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November 13, 2019

The Pour: Mixing It Up

The Pour: Mixing It Up Champagne can be the featured player in a whole host of cocktail concoctions. by Steven Sandor illustration by Pop Winson Traditionally, champagne is meant to be sipped out of flute glasses to celebrate big occasions. Or, maybe, it can be mixed with orange juice for…

The Pour: Mixing It Up

Champagne can be the featured player in a whole host of cocktail concoctions.


illustration by Pop Winson


Traditionally, champagne is meant to be sipped out of flute glasses to celebrate big occasions. Or, maybe, it can be mixed with orange juice for a Sunday-brunch treat.

But, does champagne belong poured over ice in a cocktail glass? The answer is yes, according to some of the world’s most prestigious bubbly brands.

In 2015, world-famous champagne maker Veuve Clicquot announced the release of RICH, a variety of bubbles that’s – gulp – made for mixing.

The RICH variety is not nearly as dry as orange-label stuff we’ll splurge to enjoy on special occasions. It’s a sweeter style than what we’re used to, and it’s meant to be served in a wide-mouthed glass with plenty of ice. When Veronique Gonneville, the national brand manager for Veuve Clicquot at Charlton-Hobbs, led a tasting at Edmonton’s North 53 a few months ago, some simple lessons were offered on how to enhance the champagne experience.


Spicing Things Up

The first option was to slice bell peppers and put them in the glass with a ice, then pour in the sweet champagne. The bite from the peppers counteracted the sweetness, and you could sense a fire-and-ice thing happening. In fact, I think this would work even better with a spicier variety of pepper.

Another option was to pour the champagne through a net filled with Earl Grey tea leaves.

Will champagne made for mixing find a market in Canada? Gonneville said the first shipment sold out quickly.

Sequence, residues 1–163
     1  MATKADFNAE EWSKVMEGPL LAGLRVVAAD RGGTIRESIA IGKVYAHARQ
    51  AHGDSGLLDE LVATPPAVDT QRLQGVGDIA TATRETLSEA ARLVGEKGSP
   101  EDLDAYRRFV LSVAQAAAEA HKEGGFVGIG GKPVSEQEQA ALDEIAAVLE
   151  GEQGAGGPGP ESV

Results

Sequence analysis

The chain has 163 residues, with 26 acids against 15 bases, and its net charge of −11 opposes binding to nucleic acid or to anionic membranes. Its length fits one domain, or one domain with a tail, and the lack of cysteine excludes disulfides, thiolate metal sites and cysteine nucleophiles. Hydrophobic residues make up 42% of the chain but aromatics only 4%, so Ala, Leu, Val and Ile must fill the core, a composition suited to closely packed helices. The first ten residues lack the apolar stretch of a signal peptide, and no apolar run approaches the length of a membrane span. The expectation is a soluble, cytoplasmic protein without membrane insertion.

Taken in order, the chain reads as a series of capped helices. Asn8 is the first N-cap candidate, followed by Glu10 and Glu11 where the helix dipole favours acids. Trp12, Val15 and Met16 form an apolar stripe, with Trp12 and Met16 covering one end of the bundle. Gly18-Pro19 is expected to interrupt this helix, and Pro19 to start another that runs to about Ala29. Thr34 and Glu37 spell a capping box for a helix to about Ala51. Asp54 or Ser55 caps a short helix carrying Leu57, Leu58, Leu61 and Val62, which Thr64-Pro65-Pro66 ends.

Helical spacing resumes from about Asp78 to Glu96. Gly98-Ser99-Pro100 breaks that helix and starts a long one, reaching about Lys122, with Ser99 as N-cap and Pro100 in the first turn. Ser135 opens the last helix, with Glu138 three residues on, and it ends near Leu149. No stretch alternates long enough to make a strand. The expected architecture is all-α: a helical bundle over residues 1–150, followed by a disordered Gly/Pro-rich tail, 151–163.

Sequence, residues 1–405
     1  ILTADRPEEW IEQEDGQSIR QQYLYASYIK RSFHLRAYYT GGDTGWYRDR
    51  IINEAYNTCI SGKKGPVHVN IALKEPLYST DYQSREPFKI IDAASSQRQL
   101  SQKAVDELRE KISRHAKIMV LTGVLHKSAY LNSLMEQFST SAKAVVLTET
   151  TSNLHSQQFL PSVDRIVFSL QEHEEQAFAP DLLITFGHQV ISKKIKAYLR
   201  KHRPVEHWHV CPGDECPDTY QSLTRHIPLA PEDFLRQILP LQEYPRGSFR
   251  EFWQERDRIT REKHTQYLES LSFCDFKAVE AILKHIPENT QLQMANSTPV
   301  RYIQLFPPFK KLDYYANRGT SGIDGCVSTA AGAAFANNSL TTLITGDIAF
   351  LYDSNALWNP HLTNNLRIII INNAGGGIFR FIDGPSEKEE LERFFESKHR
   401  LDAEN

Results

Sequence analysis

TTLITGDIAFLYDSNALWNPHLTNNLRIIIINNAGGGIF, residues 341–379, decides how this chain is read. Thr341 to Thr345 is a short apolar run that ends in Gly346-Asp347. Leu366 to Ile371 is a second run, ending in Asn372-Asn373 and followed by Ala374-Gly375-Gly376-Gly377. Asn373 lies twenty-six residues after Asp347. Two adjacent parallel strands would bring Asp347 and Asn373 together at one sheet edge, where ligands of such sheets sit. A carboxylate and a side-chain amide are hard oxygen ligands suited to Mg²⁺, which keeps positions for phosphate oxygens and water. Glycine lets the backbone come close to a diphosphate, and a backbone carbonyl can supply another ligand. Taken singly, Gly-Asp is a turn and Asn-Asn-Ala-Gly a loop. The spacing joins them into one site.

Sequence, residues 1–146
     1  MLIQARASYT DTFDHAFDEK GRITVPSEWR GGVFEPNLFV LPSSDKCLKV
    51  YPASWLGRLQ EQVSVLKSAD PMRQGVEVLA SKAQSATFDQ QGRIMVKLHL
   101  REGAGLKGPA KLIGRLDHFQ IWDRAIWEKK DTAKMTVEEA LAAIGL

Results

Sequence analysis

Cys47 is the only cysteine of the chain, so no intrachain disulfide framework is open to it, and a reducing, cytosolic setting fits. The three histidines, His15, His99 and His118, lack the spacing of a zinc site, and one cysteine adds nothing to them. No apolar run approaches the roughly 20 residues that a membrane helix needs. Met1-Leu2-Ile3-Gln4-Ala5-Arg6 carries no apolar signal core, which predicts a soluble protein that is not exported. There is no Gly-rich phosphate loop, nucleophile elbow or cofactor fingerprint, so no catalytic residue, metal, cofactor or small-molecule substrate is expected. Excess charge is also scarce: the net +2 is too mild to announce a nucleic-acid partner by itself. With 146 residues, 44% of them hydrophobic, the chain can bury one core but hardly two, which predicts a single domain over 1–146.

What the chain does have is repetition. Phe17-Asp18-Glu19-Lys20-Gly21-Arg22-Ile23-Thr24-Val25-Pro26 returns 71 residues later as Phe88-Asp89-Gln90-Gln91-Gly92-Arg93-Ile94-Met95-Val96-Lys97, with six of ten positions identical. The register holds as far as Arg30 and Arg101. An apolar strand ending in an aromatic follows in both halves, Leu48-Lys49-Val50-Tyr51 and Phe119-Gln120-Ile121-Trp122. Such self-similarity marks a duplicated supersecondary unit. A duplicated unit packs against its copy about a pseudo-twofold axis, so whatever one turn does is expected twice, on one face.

“I am glad to say that the reaction has been amazing,” she said.


Cocktail Party

At Wildflower, bubbly is mixed with candied ginger for its Platinum Ginger drink. But even more complex is the Elderberry Fizz, which features port, St-Germain (an elderflower liqueur), Campari and Summerhill Cipes Brut, an Okanagan sparkling wine. Remember: If it’s not from the Champagne region of France, you can’t call it champagne. 

The champagne and port together create a dark, sweet cherry taste, with a hint of grape Crush. There’s dangerously little bite from the alcohol. It’s the kind of cocktail that sees sips turn into fairly large gulps.


Recipe

Earl Grey Champagne

Courtesy of Veronique Gonneville, national brand manager, Veuve Clicquot

Ingredients:

1 bar strainer

Champagne

Loose leaf Earl Grey tea ( tsp for every 4 oz. of champagne)

Fill a large glass almost halfway with ice. Place the loose leaf tea in the strainer and hold it over the glass. Pour the champagne slowly through the strainer and into the glass. Follow Gonneville’s advice: “The slower you do it, the more flavours you are extracting from the cold infusion.” The same tea leaves can be used for three or four glasses of champagne.